Lawn Edging Ideas and Tools

min read

It's spring! And that means that the grass of your lawn is coming back in a big way! So what does lawn maintenance mean to you? Is it merely cutting the grass with a lawnmower once in a while? If you want your lawn to have a spotless, well-manicured look, you should consider lawn edging ideas and tools in addition to merely cutting the grass.  


To edge the lawn is to create a barrier between the grass and other areas of your yard, such as a walkway or a flower bed. In some cases, this involves creating a physical border between the two regions. In other cases, it consists in using a lawn edging tool to remove some of the overgrown grass from along the sides of the walkway or flowerbed. Some homeowners use both approaches because removing the overgrown grass makes the physical barriers seem much sharper and more dramatic. 


Lawn Edging Ideas and Tools


Why Do People Edge Their Lawns?  

Have you ever thought that your lawn looks shaggy and overgrown even after you mow it? It can make your yard stand out from the neighbors', but not in the way you want. A lawn mower alone cannot get the clean-cut that an edger tool can because it is too large and bulky, and the grass along the edges may end up looking uneven as a result.  


There are practical reasons that garden edging may be appropriate for your property. It helps prevent unwanted plants from encroaching on areas you do not want them to go. It can also prevent grass on the sidewalk from becoming a tripping hazard.  


Landscape edging helps increase the curb appeal, and your backyard can transform into a lovely oasis. In addition, by keeping the grass on the lawn and out of garden beds, edging reduces the time spent on lawn maintenance. 


Nevertheless, the satisfaction comes from taming the lawn that leads many homeowners to take the extra step of garden edging, and the results are well worth the effort.  


Landscape edging


What Materials Are Used for Lawn Edging Barriers?  

When it comes to lawn edging and garden fencing, you have several different options:  


Landscaping fabric is a durable and cost-effective way of keeping your lawn from growing into your garden and protecting your garden from the elements. It is popular with landscapers for these reasons. However, landscape fabric it's intended to be left in place, so it's not recommended to use it for a vegetable garden or a flower bed. 


Recycled plastic barriers are an environmentally friendly option because they keep harmful materials from landfills. In addition, they are durable and become easier to install when combined with bamboo garden stakes.  


Metal landscape edging is the most durable option. Other barriers might have to be switched out every few years, but the steel landscape will stand the test of time, enduring harsh weather conditions for years.  


Brick edging, concrete edging, resin and stone edging are great for aesthetic landscape edging; however, they don't block the growth or cross-growth of plants or grasses unless they're installed a few inches into the ground. Therefore, this type of landscaping edging is considered a decorative element as a garden border barrier.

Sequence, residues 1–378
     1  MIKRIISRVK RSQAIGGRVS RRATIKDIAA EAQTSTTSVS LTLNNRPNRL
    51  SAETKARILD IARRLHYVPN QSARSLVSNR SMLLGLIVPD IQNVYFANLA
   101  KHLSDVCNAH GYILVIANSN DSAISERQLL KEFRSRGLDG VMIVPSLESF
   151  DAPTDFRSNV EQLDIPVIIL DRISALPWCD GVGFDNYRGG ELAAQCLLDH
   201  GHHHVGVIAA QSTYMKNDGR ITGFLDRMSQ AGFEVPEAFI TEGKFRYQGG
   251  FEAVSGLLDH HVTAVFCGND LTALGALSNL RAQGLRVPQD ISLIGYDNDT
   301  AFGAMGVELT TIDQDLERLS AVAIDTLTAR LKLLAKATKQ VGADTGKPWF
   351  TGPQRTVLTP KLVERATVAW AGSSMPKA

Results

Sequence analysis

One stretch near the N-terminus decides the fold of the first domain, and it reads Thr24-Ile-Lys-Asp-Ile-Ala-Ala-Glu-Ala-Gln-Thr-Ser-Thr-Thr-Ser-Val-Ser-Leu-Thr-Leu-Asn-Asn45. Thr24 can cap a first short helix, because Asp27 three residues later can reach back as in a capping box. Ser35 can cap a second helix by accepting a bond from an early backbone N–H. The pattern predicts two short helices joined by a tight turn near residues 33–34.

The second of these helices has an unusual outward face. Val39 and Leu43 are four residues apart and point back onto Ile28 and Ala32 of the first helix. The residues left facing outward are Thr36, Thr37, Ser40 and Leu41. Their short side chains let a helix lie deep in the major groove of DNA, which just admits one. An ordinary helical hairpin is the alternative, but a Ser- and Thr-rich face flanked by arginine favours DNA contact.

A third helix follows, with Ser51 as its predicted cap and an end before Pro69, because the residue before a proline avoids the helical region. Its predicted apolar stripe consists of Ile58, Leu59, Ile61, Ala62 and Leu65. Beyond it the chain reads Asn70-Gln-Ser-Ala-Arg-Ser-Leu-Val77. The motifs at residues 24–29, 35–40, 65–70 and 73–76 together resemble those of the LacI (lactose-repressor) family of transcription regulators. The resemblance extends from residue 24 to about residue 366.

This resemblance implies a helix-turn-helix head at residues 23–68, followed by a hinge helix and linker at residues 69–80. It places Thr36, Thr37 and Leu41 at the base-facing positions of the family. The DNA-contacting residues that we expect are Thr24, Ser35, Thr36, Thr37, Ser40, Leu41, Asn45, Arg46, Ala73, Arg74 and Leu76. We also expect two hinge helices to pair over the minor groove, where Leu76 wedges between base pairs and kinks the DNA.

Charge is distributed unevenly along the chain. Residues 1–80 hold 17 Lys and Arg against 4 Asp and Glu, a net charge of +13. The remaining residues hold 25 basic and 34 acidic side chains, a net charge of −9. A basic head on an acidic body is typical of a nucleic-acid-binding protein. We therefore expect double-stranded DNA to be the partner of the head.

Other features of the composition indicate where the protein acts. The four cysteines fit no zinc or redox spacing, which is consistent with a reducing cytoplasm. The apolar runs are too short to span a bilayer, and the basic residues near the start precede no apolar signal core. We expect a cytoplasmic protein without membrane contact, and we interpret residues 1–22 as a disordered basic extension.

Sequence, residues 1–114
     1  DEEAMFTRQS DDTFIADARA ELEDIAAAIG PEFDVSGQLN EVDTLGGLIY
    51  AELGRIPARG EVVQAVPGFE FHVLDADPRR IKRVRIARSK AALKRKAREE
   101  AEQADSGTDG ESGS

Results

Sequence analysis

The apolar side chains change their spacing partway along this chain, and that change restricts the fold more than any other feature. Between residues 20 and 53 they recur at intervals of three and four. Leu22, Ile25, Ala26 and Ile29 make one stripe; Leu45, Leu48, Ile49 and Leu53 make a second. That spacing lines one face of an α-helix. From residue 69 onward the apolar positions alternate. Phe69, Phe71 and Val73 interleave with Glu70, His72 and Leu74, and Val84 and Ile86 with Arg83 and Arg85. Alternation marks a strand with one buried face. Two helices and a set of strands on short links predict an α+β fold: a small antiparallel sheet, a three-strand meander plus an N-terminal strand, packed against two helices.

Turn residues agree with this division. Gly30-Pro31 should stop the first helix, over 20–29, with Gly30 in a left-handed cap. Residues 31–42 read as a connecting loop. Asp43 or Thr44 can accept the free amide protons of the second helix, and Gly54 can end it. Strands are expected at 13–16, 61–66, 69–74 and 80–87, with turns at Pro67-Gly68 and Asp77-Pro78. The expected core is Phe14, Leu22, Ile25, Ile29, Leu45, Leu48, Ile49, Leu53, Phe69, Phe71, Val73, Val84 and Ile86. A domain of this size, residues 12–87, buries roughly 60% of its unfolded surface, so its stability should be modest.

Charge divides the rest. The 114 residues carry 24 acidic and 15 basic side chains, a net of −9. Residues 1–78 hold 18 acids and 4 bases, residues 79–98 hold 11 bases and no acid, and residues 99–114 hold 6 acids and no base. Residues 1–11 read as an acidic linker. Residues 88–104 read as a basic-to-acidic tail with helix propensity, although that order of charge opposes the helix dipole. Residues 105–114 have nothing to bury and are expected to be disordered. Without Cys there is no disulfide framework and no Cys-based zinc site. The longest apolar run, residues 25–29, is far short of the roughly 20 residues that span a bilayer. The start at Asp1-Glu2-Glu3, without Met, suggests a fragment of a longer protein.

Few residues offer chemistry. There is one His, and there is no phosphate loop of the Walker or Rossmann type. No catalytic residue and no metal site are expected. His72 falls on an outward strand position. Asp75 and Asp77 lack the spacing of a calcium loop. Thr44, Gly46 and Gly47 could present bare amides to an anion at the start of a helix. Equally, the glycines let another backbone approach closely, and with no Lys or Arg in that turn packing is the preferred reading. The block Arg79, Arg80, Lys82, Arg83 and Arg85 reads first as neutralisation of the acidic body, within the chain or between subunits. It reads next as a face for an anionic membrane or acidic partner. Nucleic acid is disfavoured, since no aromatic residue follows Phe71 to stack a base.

Types of Lawn Edging Barriers


Do You Have To Use Edging Tools To Remove Grass Around Borders?  

There is an alternative to using edging tools. You can also eliminate unwanted grass along edges chemically using a herbicide such as Spectracide weed and grass killer. After applying the herbicide in unwanted growth, the grass starts to die off within seven to 10 days.  


The biggest problem with using a herbicide as a lawn edging tool is that killing off more grass than you intended is effortless. If you do not take care when applying it, the herbicide can drift into areas where you do not want it. Using the chemical along a mulch bed is best to prevent this. Always follow the directions on the package and take steps to prevent weeds from growing after the grass has died.


Spectracide weed and grass killer  


What Types of Garden Edger Tools Are Available?  

There are two main types of edging tools: manual and electric. Also known as a stick edger, a manual edger does not have any motor. There are two varieties of manual edgers. A half-moon edger has a crescent-shaped blade that you insert into the ground and use, like you would a spade, to create the edge and remove the excess grass and dirt.  


A rotary edger has a round blade shaped like the spur on a cowboy's boot. It is connected to a roller, and when you roll it along your walkways and flower beds, it removes the excess grass. Because manual edgers have few moving parts, they are more durable and do not require much storage space. However, they take more effort to use, and some people find that they are better at maintaining an edge than creating one.  


Electric edgers can be battery-powered or plugged into the wall with an extension cord. They offer more power than manual edgers, meaning that they require less effort on your part to use and maybe more effective at creating a new straight edge. However, they do not give off harmful carbon emissions. Contrary to what many people think, an electric edger is not the same as a trimmer, but some tools combine both capabilities.  


Types of Garden Edger Tools


If you are looking for an edging kit, edging material, a garden hose, a lawn mower, or lawn edging ideas, you are in the right place! Visit our lawn and garden collection to find everything you need for your landscape project or lawn maintenance solutions.




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